According to reports out of the Oregon Health and Science University, training the immune system to fend off HIV during the first hours after birth may reduce the chance of HIV infection in infants. HIV is transmitted to infants from the mother at an alarming rate. Many health based organizations spend millions of dollars for education and treatment options for HIV positive mothers and infants born to mothers with HIV. While treatment before pregnancy can help prevent transmission to baby, many women do not seek out treatment due to either lack of funds or lack of available treatment options.
Instead of focusing on traditional HIV therapy for infants, researchers chose to attack the virus from a different angle. Three groups of infant monkeys were prepared for HIV infection. The first group was given healthy mother antibodies. The second group was given antibodies naturally occurring in the body when infected with SHIV, the simian version of HIV. The final group was given HIV antibodies that did not exactly match the virus they would be infected with.
The two groups of infant monkeys receiving HIV antibodies maintained T-cell counts and tested with lower levels of the virus in their blood when compared to the group treated with antibodies from a healthy female. Antibodies were delivered in very low doses. Researchers will continue this study with larger amounts of antibodies to seek if even more protection is passed to infants.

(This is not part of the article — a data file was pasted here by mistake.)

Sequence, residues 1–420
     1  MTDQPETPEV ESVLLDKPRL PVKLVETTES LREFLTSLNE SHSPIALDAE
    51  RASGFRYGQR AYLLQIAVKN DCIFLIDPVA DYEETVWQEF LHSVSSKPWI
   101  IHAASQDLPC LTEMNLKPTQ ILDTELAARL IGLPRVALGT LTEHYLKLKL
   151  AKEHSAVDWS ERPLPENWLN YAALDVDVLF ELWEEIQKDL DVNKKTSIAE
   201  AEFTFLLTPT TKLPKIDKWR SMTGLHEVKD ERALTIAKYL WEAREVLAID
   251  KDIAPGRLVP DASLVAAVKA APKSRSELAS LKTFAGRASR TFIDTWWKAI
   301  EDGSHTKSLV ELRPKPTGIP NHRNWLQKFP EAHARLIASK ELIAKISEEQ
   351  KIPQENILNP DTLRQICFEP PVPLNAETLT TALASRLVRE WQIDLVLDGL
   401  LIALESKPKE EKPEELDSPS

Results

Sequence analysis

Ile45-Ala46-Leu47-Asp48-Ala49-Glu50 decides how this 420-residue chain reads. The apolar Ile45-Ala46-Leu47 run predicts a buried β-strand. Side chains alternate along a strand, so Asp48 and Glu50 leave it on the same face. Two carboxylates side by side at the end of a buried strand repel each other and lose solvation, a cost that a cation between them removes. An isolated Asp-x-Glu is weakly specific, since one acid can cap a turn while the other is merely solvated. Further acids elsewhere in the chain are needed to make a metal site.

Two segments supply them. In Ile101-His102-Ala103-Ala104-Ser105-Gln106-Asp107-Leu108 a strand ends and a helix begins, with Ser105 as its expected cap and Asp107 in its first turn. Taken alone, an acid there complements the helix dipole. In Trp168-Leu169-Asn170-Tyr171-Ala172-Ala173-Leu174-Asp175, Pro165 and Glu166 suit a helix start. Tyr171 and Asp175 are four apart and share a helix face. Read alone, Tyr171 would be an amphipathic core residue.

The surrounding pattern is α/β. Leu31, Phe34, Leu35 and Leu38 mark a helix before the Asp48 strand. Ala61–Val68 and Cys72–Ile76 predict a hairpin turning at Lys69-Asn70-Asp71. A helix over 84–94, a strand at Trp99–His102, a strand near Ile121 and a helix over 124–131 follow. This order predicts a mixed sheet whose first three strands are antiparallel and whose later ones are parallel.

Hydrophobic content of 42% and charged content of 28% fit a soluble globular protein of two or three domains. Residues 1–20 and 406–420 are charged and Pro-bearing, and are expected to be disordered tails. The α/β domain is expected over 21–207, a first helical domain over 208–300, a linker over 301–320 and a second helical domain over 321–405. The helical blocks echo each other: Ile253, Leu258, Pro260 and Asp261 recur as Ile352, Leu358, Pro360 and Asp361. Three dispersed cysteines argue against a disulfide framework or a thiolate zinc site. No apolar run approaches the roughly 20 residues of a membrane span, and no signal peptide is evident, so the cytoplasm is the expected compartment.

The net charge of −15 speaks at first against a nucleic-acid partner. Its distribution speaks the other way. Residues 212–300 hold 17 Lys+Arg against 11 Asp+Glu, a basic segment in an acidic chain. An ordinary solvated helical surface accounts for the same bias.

While the study has yet to include humans, the results are significant for the human population. Antibodies are the human body’s way of fighting infection. Researchers believe introducing the body to antibodies early may prevent a more harmful infection and thus prolong life.
Source: Nancy Haigwood PhD and colleagues. Funded by National Institutes of Health and the Elizabeth Glaser Pediatric AIDS Foundation. 4 October, 2010.